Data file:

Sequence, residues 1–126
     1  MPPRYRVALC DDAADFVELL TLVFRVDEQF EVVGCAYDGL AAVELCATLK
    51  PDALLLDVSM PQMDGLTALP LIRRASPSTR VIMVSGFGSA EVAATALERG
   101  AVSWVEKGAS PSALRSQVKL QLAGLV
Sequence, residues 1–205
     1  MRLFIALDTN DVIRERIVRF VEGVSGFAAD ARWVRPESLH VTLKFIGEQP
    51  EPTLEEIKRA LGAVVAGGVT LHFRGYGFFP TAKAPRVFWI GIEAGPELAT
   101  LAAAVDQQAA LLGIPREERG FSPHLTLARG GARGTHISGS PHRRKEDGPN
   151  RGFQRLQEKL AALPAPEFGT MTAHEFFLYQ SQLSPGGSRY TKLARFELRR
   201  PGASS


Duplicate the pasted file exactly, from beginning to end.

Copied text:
Sequence, residues 1–126
     1  MPPRYRVALC DDAADFVELL TLVFRVDEQF EVVGCAYDGL AAVELCATLK
    51  PDALLLDVSM PQMDGLTALP LIRRASPSTR VIMVSGFGSA EVAATALERG
   101  AVSWVEKGAS PSALRSQVKL QLAGLV
Sequence, residues 1–205
     1  MRLFIALDTN DVIRERIVRF VEGVSGFAAD ARWVRPESLH VTLKFIGEQP
    51  EPTLEEIKRA LGAVVAGGVT LHFRGYGFFP TAKAPRVFWI GIEAGPELAT
   101  LAAAVDQQAA LLGIPREERG FSPHLTLARG GARGTHISGS PHRRKEDGPN
   151  RGFQRLQEKL AALPAPEFGT MTAHEFFLYQ SQLSPGGSRY TKLARFELRR
   201  PGASS